Sense of powerlessness a great danger, says archbishop

Michael Neary: ‘All of us feel vulnerable, fragile, wonder and worry about what the future has in store’

Archbishop of Tuam Michael Neary at Knock Shrine at the time of the papal visit in summer 2018. File photograph: James Forde

A great danger facing society today is a sense of powerlessness, the idea that the world is spinning out of control and that problems are too great to solve, Catholic Archbishop of Tuam Michael Neary has said.

“The capacity for hope is very much at issue in our society today. Hopelessness is prevalent and powerful in so many areas,” he said.

“We have experienced a loss of the structured, reliable world that gave meaning and coherence and we find ourselves in a context where the most treasured and trusted symbols of faith and hope are disregarded and trivialised,” he said.

“At this time of year many students and their families are very anxious about the future, securing the course of their choice at third level and making arrangements for accommodation.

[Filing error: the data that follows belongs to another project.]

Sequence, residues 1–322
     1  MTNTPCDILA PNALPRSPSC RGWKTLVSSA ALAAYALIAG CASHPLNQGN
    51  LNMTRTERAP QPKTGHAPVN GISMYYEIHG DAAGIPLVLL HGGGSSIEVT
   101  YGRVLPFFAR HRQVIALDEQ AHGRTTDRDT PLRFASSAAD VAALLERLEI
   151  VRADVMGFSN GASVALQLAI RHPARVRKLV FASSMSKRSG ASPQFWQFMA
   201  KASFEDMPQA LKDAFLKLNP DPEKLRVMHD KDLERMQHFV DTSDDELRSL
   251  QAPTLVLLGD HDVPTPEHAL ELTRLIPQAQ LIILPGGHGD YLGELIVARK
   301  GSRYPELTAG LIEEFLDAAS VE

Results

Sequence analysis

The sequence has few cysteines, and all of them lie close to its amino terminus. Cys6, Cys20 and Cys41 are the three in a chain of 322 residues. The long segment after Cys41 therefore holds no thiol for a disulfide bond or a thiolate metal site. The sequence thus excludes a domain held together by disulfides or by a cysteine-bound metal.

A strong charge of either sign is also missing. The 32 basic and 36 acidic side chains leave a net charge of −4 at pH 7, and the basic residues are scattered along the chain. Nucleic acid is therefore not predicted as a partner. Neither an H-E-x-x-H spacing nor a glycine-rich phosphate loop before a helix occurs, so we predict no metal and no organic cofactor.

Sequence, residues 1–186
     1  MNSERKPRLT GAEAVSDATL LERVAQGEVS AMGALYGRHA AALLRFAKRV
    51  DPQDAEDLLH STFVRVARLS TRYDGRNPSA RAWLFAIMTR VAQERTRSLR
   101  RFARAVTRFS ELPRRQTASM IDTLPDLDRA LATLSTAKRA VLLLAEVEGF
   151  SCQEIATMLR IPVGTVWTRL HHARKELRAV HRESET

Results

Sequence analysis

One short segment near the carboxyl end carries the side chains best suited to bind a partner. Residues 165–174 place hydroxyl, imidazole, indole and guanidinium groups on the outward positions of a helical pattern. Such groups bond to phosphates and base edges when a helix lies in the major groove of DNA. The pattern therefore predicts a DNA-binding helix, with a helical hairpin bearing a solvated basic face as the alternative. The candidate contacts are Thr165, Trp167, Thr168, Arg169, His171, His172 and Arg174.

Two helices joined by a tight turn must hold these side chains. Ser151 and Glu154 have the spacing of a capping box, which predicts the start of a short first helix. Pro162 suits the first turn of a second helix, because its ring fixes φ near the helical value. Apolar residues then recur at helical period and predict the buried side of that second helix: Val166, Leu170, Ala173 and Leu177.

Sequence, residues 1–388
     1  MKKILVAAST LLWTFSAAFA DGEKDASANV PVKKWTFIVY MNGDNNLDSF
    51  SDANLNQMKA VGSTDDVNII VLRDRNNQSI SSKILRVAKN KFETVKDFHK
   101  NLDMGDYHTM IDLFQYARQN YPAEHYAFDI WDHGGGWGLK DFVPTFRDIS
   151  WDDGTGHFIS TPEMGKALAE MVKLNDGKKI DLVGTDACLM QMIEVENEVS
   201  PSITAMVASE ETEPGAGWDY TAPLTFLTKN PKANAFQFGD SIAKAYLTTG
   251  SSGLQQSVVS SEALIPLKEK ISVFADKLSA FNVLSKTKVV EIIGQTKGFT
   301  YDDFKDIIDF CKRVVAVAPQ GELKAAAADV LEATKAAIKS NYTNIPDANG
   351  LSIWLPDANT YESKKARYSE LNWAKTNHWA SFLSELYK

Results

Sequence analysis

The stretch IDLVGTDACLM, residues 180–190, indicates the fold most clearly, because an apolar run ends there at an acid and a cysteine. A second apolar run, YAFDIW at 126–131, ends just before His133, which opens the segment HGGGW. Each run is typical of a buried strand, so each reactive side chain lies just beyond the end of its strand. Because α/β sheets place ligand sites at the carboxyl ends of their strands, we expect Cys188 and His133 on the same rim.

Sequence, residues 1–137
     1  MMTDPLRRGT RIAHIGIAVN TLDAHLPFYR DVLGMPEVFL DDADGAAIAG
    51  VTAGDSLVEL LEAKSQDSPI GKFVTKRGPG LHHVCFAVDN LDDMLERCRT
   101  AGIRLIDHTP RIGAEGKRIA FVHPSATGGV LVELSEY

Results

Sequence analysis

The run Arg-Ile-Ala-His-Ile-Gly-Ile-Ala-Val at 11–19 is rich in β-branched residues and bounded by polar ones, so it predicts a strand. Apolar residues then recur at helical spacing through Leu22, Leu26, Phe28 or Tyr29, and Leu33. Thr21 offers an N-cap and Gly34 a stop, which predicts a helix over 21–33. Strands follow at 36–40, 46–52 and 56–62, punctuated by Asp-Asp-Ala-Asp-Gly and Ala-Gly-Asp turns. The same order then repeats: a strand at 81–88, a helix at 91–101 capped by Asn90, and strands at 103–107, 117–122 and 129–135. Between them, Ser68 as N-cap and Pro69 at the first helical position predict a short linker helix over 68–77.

“At the more general level we have the uncertainty which is brought about by Covid-19, the fear about employment and the economic situation. All of us feel vulnerable, fragile, wonder and worry about what the future has in store,” he said.

People needed “reasons for hope if we are to go forward and face the future rather than resort to a form of nostalgia,” he said.

Speaking at a Mass in Knock Shrine in Co Mayo, he said that "hope is not a false optimism. It does not underestimate the challenges we face or ignore the setbacks we experience. Hope enables us to adopt an honest and critical analysis of where we find ourselves today."

Hope also “commits us to pursuing the truth and does not leave us enslaved by our own failures or the decadence of society. Hope reminds us that the future is open and there will be further developments that look forward to new opportunities”, he said.

Patsy McGarry

Patsy McGarry

Patsy McGarry is a contributor to The Irish Times